It’s not India alone, where authorities are battling to keep growth on track while reining in price. Governments and policymakers across the world are confronting the same challenge on the back of a sustained spike in global commodity prices.Last week, the European Central Bank (ECB) increased its benchmark interest rate by a quarter percentage point, its first such move in three years, as it looks to control inflation.
The ECB joined China, India, Poland and Sweden in raising interest rates to tame surging energy and food prices that are fanning prices of most goods.
Last week, China raised its benchmark one-year lending rate to 6.31% from 6.06%.
Chinese premier Wen Jiabao has described inflation as a tiger that “once set free will be very difficult to put back into its cage.”Back home, the RBI has raised benchmark interest rates eight times since March last year to cool prices.
Analysts and economists will be keenly watching for cues sent out by the US Federal Reserve, which many believe is unlikely raise interest rates immediately but could signal rolling back of the $600 billion (about R27 lakh crore) by June.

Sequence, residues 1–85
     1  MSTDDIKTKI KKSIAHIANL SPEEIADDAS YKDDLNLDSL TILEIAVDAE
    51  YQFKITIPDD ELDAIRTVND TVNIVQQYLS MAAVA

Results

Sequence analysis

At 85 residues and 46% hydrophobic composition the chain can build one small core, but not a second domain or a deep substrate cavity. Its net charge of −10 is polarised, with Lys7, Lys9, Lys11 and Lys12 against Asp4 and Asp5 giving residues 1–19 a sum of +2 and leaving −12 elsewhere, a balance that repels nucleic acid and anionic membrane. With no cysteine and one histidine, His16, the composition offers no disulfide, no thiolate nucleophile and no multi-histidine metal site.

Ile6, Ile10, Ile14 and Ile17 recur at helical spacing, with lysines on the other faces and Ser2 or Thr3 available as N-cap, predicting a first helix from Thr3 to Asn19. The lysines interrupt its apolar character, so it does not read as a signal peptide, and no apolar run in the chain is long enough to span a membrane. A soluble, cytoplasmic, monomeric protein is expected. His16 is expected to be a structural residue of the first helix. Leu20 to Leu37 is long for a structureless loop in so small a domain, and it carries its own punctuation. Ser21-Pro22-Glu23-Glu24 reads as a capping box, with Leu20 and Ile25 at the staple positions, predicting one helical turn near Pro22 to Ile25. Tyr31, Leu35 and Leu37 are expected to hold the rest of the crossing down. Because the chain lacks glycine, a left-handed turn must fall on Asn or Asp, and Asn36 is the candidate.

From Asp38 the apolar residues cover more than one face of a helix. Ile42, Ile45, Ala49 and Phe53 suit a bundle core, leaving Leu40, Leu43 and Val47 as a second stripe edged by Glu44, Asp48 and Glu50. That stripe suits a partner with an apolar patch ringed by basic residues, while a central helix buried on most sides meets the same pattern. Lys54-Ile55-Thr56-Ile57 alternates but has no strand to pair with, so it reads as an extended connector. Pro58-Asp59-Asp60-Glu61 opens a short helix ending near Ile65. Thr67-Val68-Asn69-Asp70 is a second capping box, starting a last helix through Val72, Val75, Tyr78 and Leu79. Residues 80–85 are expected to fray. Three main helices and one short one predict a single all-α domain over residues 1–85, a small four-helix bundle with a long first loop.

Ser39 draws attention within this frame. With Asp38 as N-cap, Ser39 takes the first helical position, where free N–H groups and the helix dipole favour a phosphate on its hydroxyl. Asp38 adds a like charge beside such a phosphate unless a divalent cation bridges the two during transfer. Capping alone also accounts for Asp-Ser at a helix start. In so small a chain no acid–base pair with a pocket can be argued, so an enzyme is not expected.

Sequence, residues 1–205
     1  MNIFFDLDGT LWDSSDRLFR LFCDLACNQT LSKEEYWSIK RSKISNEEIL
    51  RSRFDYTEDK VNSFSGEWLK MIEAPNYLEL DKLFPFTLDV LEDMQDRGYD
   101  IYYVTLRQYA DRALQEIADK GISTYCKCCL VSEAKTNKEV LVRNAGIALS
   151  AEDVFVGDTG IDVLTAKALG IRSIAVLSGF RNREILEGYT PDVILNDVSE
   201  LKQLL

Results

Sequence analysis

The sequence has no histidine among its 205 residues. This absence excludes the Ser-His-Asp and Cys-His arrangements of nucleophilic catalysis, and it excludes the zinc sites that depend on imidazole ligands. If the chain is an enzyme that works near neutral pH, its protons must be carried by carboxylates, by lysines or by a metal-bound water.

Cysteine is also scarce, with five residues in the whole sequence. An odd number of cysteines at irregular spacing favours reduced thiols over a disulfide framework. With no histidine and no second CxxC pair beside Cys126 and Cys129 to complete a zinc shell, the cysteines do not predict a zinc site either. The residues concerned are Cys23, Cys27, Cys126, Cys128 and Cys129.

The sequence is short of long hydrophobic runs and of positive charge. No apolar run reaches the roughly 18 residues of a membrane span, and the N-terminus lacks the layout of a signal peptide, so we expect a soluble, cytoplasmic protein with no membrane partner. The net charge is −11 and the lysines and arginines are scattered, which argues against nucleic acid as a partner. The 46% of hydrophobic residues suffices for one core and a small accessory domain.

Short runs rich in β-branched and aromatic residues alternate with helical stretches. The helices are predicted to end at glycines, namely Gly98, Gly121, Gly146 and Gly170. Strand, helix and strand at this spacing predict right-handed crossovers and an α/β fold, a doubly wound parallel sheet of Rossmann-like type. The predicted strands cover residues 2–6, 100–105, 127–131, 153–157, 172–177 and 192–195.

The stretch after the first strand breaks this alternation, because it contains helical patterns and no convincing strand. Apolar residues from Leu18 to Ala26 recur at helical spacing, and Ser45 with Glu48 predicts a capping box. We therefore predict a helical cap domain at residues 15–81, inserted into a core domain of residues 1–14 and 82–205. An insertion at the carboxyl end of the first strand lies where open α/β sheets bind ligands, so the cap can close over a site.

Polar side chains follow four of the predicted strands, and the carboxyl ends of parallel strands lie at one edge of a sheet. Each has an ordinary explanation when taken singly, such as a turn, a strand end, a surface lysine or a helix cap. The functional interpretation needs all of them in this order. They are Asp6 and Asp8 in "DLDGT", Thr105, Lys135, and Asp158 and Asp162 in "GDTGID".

“We have to monitor inflation and inflation expectations extremely closely because if my assumptions prove not to be correct, then we would certainly have to respond to that and ensure that we maintain price stability,” US Federal Reserve chairman Ben Bernanke said last week.
Experts warned global food and commodity prices could rise higher still in the wake of political uncertainties in the Middle-east. Since its spike in mid-February, on the heels of the political developments in the Middle East and concerns of nuclear energy spurred by the earthquake in Japan, the oil price has become a major investor concern.
Crude oil prices are hovering above $120 a barrel.
RBI deputy governor Subir Gokarn said soaring prices may hurt growth in the world’s second fastest growing major economy that is forecast to grow by more than 9% in 2011-12.